An area of floating pumice 250 nautical miles in length and 30 nautical miles wide in the South Pacific ocean. Picture: AFP / New Zealand Defence Force

(Story from News.com.au)

A giant floating island of pumice was created when a previously dormant volcano erupted amid more than 150 earthquakes over two days last month, scientists say.

The eruption of the Havre Volcano, about halfway between New Zealand and Tonga, is believed to have caused the 7500 square kilometre pumice “raft”, which was encountered by a New Zealand navy ship last week.

Cornel de Ronde, principal scientist of the Institute of Geological and Nuclear Sciences, told Radio New Zealand the source of the pumice had been identified in cooperation with French researchers in Tahiti who monitor earthquakes in the south-west Pacific.

“When they looked at their physical records they saw that on July 17th and 18th, there were some 157 earthquakes of magnitudes between 3.0 and 4.8,” he said.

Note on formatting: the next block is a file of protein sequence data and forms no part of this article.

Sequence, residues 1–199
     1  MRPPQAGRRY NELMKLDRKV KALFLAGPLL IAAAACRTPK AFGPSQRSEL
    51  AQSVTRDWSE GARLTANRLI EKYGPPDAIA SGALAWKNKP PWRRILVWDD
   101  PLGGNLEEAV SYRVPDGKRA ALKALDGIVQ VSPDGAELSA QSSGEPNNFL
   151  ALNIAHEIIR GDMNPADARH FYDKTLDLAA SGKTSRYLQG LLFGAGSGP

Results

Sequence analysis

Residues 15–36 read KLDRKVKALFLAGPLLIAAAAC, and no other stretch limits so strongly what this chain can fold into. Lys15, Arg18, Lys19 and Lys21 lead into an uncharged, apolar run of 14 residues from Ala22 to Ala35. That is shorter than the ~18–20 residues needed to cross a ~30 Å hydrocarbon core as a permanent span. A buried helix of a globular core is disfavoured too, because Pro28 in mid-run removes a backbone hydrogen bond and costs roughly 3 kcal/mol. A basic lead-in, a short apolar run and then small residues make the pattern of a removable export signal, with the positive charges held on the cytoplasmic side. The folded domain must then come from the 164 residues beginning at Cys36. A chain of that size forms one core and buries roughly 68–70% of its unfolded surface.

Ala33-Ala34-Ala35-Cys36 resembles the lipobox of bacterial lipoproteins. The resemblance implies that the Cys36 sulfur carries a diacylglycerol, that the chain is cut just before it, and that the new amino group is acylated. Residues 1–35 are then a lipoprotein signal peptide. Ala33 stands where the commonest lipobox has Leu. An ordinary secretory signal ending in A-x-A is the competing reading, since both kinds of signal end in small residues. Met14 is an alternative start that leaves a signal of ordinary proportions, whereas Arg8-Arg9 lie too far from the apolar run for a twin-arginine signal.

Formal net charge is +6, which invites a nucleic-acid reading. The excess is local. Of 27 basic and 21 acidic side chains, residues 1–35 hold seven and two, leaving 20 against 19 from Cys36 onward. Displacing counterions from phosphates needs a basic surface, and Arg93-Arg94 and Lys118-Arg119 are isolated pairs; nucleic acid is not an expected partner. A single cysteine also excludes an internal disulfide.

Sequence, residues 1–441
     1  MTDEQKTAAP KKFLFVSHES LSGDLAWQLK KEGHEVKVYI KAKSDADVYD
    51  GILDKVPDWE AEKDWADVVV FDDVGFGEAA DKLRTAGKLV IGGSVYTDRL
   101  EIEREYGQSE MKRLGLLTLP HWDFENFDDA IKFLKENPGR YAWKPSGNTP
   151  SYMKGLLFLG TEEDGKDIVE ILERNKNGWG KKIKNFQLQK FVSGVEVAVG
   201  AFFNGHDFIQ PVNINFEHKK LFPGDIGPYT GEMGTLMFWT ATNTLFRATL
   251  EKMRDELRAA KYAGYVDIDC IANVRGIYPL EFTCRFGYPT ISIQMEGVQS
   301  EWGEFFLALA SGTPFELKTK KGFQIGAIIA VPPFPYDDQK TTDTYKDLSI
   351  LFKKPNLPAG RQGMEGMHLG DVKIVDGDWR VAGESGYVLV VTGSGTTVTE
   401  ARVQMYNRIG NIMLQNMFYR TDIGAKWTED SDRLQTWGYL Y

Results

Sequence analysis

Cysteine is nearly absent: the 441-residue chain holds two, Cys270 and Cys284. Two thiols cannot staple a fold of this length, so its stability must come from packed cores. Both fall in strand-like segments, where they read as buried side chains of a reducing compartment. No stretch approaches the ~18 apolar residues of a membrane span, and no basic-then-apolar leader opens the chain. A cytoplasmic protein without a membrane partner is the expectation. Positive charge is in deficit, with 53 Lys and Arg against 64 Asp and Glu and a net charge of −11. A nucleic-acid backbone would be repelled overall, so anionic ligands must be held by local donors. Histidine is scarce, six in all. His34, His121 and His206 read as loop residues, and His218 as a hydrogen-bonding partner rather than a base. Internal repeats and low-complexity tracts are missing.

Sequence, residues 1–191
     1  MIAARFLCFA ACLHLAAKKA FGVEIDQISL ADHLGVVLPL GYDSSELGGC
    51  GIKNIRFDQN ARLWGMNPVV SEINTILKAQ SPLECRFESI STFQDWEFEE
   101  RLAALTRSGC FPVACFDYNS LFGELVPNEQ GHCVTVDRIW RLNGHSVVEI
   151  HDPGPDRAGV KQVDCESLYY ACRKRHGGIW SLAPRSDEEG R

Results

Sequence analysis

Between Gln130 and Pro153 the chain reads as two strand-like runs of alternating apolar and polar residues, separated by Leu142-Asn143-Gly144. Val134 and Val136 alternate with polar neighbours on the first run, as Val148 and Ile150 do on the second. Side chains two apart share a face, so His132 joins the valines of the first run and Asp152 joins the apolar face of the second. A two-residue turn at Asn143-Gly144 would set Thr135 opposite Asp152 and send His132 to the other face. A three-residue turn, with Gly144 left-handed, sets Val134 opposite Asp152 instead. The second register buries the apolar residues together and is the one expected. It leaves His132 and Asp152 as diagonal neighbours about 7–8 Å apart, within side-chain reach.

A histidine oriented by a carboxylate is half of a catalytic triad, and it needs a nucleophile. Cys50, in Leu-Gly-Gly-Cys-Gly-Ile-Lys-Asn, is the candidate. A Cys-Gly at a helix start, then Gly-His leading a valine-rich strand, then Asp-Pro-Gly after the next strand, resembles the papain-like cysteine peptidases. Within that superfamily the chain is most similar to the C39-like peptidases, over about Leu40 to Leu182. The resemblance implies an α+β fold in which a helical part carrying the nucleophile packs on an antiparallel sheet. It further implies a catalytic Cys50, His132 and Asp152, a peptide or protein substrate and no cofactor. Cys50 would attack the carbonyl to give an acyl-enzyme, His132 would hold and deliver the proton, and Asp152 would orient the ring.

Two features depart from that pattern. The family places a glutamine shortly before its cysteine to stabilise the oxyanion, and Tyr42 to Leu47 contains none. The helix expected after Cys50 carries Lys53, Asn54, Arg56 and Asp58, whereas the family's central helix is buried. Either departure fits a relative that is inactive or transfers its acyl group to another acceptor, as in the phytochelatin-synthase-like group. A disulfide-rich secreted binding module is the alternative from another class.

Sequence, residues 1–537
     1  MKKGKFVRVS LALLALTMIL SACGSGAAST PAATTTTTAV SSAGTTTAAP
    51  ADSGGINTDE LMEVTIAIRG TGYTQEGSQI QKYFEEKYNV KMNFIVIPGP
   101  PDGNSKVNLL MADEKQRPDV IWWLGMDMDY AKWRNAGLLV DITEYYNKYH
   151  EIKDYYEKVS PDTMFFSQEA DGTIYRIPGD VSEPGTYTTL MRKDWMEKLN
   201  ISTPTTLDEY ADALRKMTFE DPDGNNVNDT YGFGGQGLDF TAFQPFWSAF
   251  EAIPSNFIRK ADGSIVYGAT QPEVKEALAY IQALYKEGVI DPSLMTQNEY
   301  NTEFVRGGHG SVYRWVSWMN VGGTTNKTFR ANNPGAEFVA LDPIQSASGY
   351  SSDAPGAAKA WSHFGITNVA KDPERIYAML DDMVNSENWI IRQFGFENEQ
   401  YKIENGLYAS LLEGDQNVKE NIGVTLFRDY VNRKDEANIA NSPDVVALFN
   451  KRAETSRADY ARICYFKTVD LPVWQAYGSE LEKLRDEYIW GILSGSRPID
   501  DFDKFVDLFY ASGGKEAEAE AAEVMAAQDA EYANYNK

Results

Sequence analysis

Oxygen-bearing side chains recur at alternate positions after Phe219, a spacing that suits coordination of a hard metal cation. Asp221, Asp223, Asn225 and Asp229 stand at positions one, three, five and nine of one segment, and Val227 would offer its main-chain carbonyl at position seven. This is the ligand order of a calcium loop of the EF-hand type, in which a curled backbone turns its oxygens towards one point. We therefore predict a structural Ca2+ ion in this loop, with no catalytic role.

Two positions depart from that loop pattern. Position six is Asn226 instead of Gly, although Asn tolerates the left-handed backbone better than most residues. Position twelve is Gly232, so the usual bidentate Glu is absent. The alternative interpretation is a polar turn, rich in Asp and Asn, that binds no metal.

De Ronde said they occurred near the time of the first sighting of the pumice raft, and when the institute looked at its database it found the Havre volcano, which it had previously surveyed.

It was a caldera volcano, like White Island, 50 kilometres off the west coast of New Zealand’s North Island, which erupted last week.

But the Havre, 1100 metres beneath the Pacific Ocean, was not thought to have erupted before, he said.

De Ronde said the pumice island was so light that it had floated several hundred kilometres from the volcano when it was encountered by the HMNZS Canterbury, which took samples last week.

Scientists were also analysing samples of rock ejected from Mount Tongariro, on New Zealand’s North Island, to try to find out why it erupted a week ago for the first time in 115 years.

A caldera is a cauldron-like volcano formed by the collapse of land after a volcanic eruption.